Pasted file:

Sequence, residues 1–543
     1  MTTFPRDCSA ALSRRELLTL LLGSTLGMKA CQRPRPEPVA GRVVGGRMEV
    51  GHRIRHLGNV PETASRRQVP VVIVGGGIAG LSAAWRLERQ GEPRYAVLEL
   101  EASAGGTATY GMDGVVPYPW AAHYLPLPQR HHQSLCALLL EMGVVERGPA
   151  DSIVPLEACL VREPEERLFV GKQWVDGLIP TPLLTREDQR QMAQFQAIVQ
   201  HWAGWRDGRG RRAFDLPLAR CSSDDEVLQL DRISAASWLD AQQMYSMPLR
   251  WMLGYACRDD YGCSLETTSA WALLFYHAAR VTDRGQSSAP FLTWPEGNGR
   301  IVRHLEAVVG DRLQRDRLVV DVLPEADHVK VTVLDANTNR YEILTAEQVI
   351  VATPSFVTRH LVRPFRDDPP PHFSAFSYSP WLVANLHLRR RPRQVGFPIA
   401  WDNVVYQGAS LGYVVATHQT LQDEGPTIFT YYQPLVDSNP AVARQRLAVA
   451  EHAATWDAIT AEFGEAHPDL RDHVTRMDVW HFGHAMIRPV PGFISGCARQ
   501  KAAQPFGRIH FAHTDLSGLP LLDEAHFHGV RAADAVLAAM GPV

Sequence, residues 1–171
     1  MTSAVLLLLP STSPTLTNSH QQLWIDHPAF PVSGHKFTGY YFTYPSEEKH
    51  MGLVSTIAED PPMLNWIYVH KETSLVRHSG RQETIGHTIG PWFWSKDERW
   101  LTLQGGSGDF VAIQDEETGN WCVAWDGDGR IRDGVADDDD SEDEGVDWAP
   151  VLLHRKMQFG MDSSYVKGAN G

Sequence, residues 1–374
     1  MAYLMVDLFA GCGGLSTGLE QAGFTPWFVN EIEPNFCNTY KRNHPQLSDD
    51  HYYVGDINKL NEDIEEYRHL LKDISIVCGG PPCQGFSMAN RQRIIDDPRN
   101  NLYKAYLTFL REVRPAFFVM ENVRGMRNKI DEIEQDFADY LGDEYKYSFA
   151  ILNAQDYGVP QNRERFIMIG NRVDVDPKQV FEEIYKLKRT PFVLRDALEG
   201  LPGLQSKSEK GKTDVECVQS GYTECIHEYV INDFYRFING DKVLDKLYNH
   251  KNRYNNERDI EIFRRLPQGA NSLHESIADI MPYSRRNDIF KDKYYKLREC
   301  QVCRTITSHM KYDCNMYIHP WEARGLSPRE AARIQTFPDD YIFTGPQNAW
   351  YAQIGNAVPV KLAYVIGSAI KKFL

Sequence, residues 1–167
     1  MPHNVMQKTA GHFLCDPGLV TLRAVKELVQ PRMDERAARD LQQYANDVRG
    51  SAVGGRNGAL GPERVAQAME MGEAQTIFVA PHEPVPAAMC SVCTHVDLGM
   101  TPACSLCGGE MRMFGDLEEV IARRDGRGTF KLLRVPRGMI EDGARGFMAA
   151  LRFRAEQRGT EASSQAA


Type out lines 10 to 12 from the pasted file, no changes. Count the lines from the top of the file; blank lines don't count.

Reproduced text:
   401  WDNVVYQGAS LGYVVATHQT LQDEGPTIFT YYQPLVDSNP AVARQRLAVA
   451  EHAATWDAIT AEFGEAHPDL RDHVTRMDVW HFGHAMIRPV PGFISGCARQ
   501  KAAQPFGRIH FAHTDLSGLP LLDEAHFHGV RAADAVLAAM GPV